How to create R tables with expandable rows

Hi. I’m Sharon Machlis at IDG Communications, here with Episode 47 of Do More With R: Interactive tables with expandable rows.

Interactive tables with sorting and filters can be a nice way of exploring data. And sometimes, you might want to share that with other people – including text-only data like recipes, resource lists, or a chart of popular R packages.

But when that data includes a column with fairly long entries, that column may not fit well in a table the width of your screen. This can be especially tricky to display when not every row includes the very-wide column. For example, results of a questionnaire where one field is “Do you have any additional comments?” Not everyone may.

That’s where a table with expandable rows can come in handy. Here’s one example. At the NICAR data journalism conference, I posted a form so speakers (and other attendees) could submit links to session presentations. A few people had additional comments; others didn’t. Showing that column by default would waste a lot of screen real estate.

Instead, I have that comment field only display if a user clicks on the expand-row icon. You can see that not every row can be expanded, because not every row has data in that field.

Let’s see how to make a table like this.

If you’d like to follow along, install and load the reactable package. For this demo, you’ll also need the rio, glue, htmltools, and dplyr packages installed.

You can download the data I’ll use in this demo by going to the InfoWorld article associated with this video.

It’s info about R and Python sessions at this year’s conference.

In this code, I load reactable and dplyr and then import my data using rio::import(). I named the file nicar.csv and it’s in the data subdirectory of my RStudio project.

If we take a look at the data, there are columns for the name of the resource, the author, the URL, Tags, Type, and Comments.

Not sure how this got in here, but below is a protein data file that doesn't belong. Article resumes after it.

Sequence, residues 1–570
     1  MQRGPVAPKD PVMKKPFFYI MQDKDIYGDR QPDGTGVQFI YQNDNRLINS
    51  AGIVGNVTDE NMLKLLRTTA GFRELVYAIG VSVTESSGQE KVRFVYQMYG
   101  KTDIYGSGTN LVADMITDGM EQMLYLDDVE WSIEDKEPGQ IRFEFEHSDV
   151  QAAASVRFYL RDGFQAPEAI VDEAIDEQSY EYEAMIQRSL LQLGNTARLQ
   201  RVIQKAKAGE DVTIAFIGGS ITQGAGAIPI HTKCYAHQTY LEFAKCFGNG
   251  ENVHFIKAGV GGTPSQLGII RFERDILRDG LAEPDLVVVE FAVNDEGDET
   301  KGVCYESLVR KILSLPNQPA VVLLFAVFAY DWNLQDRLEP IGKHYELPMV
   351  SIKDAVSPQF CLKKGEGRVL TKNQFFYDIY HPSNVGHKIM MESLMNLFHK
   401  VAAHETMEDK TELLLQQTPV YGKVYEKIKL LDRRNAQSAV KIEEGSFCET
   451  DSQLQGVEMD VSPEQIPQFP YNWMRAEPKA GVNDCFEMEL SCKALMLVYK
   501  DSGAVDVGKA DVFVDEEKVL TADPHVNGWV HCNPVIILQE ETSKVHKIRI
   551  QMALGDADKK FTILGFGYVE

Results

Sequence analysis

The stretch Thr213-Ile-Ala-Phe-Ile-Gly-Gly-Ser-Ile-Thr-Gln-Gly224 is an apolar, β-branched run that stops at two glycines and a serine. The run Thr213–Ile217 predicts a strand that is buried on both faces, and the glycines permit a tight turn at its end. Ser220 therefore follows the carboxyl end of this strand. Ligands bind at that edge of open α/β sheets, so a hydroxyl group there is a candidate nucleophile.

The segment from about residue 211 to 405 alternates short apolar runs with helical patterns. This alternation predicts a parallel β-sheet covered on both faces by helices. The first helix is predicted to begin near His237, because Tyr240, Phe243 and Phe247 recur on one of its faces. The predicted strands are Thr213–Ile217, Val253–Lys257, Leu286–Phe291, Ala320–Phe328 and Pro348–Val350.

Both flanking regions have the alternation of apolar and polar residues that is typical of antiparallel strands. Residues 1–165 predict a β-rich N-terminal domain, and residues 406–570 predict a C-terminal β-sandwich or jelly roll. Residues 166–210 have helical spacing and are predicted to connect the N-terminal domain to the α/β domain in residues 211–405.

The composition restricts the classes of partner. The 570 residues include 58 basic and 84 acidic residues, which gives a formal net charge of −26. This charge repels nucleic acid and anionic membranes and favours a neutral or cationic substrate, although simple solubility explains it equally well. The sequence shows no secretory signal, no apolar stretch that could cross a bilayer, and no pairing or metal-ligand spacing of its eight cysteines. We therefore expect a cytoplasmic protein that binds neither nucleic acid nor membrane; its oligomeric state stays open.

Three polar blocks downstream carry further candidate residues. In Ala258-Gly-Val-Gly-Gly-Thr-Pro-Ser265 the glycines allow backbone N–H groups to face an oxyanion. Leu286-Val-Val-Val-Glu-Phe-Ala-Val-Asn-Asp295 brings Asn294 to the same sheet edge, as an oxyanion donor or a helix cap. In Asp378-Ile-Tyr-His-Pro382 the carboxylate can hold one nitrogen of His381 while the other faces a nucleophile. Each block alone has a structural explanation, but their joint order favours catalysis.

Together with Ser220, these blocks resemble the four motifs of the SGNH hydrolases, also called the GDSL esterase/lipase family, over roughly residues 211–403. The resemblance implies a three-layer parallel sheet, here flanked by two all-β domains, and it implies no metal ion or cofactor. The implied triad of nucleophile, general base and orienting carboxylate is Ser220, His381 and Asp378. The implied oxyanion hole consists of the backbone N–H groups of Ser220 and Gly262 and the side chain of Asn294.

The mutate part of this code just creates a column with a clickable link to each resource. Basically, writing a little basic HTML. Then I select the columns I want in the order I want them.

Finally, I create a basic default reactable table. No search box yet; and my Resource column is showing the actual HTML code instead of displaying as HTML.

In the next line of code, I add a search box to the table and little arrow icons showing that the columns are sortable. Next is how I tell reactable to display the Resource column as HTML. The syntax is columns equals a list, and then colDef sets the attributes of one or more columns. I’m setting html equals true for the Resource column so it displays as HTML, and I’m also making that column resizable. In the final code group, I tell reactable not to display the Comments column in the main table. So far so good; next is adding the expandable rows.

So this is not the most intuitive R code you’ll ever see. I don’t find all of it particularly easy to understand, actually. I didn’t come up with it myself; reactable creator Greg Lin wrote it. But it works!

Will I remember this code the next time I want to make a table with expandable rows? No, no I will not. But here’s the thing: If I make an RStudio code snippet, I don’t have to remember it. It will always be just a couple of keystrokes away.

If you’re not familiar with RStudio code snippets at all, check out the Do More With R episode link on screen for a full explainer. But let me show you the basics.

This is the code for my table. Next, I’ve cleaned it up a little to remove the blank lines and comments, highlight the variables for my data frame and column names, and change the column definition from dollar sign notation to bracket notation (which works a lot better in snippets). Also – very important – I added a snippet title and indented every line of code with a starting tab. That’s a must! Finally, I changed each variable name to a generic snippet variable: 1 for the data frame, 2 for the column I want to display as HTML, and 3 for the expandable-row column. Note the variable syntax: dollar sign, open brace,, number, colon, variable name, close brace. These variables will make it easy for me to fill in actual variable names back in RStudio.

This is what the code snippet gives me. I’ll type the name of my data frame, nicar, and hit tab. Next is the html column. Finally, the Comments column which is the one I want to expand. Now if I run this code, I get my table. Let me show you what the snippet looks like in my RStudio snippets file.

You can get this snippet to copy and paste into your own RStudio at the InfoWorld article accompanying this video.

That’s it for this episode, thanks for watching! For more R tips, head to the Do More With R page at bit-dot-l-y slash do more with R, all lowercase except for the R. You can also find the Do More With R playlist on the YouTube IDG Tech Talk channel — where you can subscribe so you never miss an episode. Hope to see you next time. Stay healthy and safe, everyone!

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